Confusion delays Cowpland insider trading trial to 2002
Who's responsible? The other guy, both parties claim
Canadian securities market regulators may not get a chance to bring Corel founder and former CEO Michael Cowpland to trial on insider trading charges for at least two years, it has emerged.
The reason? Cowpland's prosecutor and his defender both claim it's up to the other to get the ball rolling. Neither can agree on who's responsible for sorting out a pre-trial hearing - and until that's done, the case remains deadlocked.
"We're just continuing preparing our defence," claimed Michael Edelson, Cowpland's lawyer, according to Reuters. "The defence doesn't prosecute, we defend, and it's up to the prosecution to move the matter forward."
In normal circumstances, yes, admitted Ontario Securities Commission spokesman Frank Switzer, speaking for the prosecution. However, Edelson "made the undertaking that he was going to be making the arrangements... with the judge in Ottawa to set up a pre-trial conference to set a date".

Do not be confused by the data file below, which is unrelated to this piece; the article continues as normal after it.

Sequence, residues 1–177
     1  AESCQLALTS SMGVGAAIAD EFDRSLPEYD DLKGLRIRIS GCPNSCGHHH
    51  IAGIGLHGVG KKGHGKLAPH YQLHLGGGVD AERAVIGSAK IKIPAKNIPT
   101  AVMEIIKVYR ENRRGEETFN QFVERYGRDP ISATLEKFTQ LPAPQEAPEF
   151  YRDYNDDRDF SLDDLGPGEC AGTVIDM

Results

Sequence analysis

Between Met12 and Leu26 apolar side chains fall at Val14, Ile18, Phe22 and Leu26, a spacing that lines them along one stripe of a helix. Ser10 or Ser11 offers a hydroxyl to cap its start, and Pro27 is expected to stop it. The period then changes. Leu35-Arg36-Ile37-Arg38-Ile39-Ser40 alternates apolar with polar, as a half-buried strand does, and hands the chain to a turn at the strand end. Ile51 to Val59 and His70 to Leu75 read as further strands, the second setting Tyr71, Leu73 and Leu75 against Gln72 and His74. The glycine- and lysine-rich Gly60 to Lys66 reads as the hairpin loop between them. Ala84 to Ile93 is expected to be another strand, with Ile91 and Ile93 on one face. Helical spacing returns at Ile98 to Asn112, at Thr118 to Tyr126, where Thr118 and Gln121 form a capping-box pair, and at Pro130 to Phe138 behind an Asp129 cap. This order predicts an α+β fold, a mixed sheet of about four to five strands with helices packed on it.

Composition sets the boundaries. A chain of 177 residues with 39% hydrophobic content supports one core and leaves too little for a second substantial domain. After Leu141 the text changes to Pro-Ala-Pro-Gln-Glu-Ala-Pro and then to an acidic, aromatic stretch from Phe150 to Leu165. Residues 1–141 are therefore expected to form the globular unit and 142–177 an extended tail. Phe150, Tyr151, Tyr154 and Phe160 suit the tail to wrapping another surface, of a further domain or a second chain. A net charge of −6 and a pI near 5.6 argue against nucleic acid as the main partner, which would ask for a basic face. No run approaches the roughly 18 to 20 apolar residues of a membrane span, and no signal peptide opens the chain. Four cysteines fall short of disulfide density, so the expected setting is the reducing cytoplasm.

Cowpland was accused of insider trading by the OSC back in October 1999. The Commission claims Cowpland's sale of 2.4 million Corel shares in August 1997 was prompted by his knowledge that the company would soon post an unexpected loss. One month after the sale, Corel reported a $32 million loss. As a result, it's share price fell 40 per cent. Cowpland made $13.7 million on the sale.
Cowpland claims he acted without reference to the company's financial state - the sale was made to pay off personal debts.
A guilty verdict would leave Cowpland facing a fine of C$1 million ($680,000) plus three times any profit he made on the sale, and a stint of up to two years in gaol. ®